How?  Class discussions about peer review and science ethics can lead naturally to a discussion of retractions and rebuttals.  Hands-on sessions focused on teaching students to search for primary research articles can include exercises focused on citation searching and include examples of retracted papers.  Controversial topics in science may provide term paper and project opportunities that allow students to research scientific disagreements.  Easy to read commentary on sites like Retraction Watch or news articles can provide students with the background needed to understand the issues.

What other strategies can we use to teach students about these concepts?

Update (7/27/2011): This excellent blog post over on Retraction Watch might be a useful reference or reading for students.  It discusses a recent article in the journal Science and Engineering Ethics that discusses why journal editors retract – or don’t retract – articles.

The really hard part about research isn’t the databases

This isn’t news to librarians, but I find that students (and occasionally faculty) get caught up in equating research with the research databases.

Take two recent examples.

This week I met with some math students who were looking for scholarly and non-scholarly articles and information to help them solve a particular mathematics problem.  They had been using MathSciNet and Google to help them find appropriate information, with mixed results.  I was able to provide them with a few technical tips on improving their searches (+ and – operators in Google, subject classifications in MathSciNet, etc.), but that wasn’t what they really needed.  What was most useful to them was an opportunity to think through all the different aspects of their problem.  In this case, I merely acted as a facilitator – my three semesters of calculus did not give me the required knowledge to help them come up with synonyms or alternative search terms.  But I could ask questions: What are the various aspects of your problem?  What are some alternative terms that would define these aspects?  What are the various approaches you’ve tried to solve the problem?

When their faculty adviser asked me to meet with them, he thought our discussion might focus more on the technical aspects of the databases.  He sat in on the session, and was vital in helping the students brainstorm their additional search terms.  I think he learned a bit about guiding students through the research process (plus a couple of tips about searching Google), and our collaboration really benefited the students.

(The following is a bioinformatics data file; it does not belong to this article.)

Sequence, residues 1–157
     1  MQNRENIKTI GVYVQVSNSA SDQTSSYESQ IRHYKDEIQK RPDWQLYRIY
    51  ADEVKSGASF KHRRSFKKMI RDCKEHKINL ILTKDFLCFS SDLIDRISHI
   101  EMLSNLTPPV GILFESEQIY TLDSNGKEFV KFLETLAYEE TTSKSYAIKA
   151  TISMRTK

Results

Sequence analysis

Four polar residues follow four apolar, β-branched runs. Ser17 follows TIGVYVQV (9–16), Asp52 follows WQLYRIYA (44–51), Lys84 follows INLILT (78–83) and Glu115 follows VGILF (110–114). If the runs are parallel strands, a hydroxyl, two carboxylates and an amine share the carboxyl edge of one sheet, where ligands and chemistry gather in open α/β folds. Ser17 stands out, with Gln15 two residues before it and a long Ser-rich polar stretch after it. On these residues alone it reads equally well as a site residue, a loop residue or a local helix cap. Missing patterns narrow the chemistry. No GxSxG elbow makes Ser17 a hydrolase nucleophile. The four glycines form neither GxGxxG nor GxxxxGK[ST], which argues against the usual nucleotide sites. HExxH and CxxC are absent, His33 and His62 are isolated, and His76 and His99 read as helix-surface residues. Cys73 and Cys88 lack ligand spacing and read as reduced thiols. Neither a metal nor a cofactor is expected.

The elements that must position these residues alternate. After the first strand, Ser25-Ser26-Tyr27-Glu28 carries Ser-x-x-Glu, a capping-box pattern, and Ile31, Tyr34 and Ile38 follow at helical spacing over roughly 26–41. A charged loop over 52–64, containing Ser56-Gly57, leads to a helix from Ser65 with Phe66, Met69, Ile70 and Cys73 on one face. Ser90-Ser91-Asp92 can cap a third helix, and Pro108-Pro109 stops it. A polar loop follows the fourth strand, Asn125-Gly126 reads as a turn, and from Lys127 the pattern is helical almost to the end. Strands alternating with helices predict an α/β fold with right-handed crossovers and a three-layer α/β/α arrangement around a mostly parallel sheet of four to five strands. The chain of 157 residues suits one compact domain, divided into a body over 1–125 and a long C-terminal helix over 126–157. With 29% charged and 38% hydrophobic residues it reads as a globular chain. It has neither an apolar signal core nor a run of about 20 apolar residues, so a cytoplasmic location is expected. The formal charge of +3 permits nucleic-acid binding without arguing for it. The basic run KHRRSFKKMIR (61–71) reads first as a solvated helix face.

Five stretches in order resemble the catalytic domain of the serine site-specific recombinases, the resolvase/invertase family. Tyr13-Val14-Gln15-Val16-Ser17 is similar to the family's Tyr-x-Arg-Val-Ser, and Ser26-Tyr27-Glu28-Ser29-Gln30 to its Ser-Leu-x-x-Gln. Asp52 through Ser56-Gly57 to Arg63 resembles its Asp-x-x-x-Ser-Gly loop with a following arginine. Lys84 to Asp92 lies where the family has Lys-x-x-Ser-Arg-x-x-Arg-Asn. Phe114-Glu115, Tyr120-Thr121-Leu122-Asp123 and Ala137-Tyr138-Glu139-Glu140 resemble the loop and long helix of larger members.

In another case, I had a student who needed to write a paper describing some aspect of the effect of the hypothalamus on the pituitary gland.  For her, the massive quantity of information on this topic was overwhelming, and I was able to provide her with some guidance on how to focus her topic.  We looked at a Wikipedia article listed some specific hormones and their specific effects.  We looked at some search results lists and picked out a few topic ideas.  We talked about how she can use the background information she is collecting from textbooks to select a focus.  And only then did we talk about taking that focus back into the databases to find relevant information for her project.

Overall, she came away with a much better strategy for completing her project.  It wasn’t about “click here, then click there”.

At the same time, most of our faculty initiated requests for library instruction sessions start out with a database name.

I’m not saying that this isn’t important – it is – and there are some tricky technical issues involved in navigating our OpenURL system too.  I would make the argument that for many students, it is easier for them to learn a search interface on their own than it is to develop an overall strategy for completing the information gathering portion of their projects.

How will undergraduates navigate a post peer-review scholarly landscape?

With all of it’s flaws (and there are many), faculty at the moment can tell students to find articles that pass one crucial credibility test: peer review.

This is pretty easy for students to do, given a bit of instruction.  Many databases will indicate if something is peer reviewed (although they don’t always get it right), and most primary research articles are peer reviewed – you just need to be able to recognize one.

But peer review is changing.  It isn’t going away anytime soon, but through a variety of trials and experiments and advocacy, it is changing.  Cameron Neylon has argued in favor of doing away with the current peer review system altogether.

This may require a more informed readership, readers who understand what various metrics mean, and a greater reliance on understanding the general reputation of a journal (however this is measured).

All of this creates problems for your typical undergraduate.

When they are just starting out, students don’t have the required scientific knowledge of concepts and methods to adequately evaluate the quality of a journal article on their own – that’s what they are in college to learn.

So when their professors ask them to write a paper or complete a project using high quality primary research articles, how will students filter the signal from the noise if the simple “peer-reviewed” credibility test no longer works?

I can think of a few things that may help them out, although it won’t be quite as simple as it’s made to seem now. This may also require a bit more instruction to bring students up to speed on these concepts.

  • Use the databases as a filtering tool.  Databases like Scopus and Web of Science and SciFinder select which journals to include.  Theoretically, they wouldn’t include content from the really poor quality journals.  Of course, this doesn’t stop bad papers from appearing in good journals.  Faculty could limit students to articles found in a particular database.